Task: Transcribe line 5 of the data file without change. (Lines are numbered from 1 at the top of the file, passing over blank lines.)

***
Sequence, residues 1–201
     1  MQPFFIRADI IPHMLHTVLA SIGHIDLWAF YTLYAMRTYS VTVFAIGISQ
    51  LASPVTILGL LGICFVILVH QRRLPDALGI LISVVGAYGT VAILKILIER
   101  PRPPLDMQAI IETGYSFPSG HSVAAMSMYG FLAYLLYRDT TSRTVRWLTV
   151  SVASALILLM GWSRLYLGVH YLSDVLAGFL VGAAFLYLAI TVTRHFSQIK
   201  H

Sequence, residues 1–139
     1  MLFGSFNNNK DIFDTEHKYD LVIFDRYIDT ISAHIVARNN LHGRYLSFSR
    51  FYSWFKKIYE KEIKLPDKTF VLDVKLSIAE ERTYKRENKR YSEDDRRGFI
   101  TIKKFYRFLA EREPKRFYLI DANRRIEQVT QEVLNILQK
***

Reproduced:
   151  SVASALILLM GWSRLYLGVH YLSDVLAGFL VGAAFLYLAI TVTRHFSQIK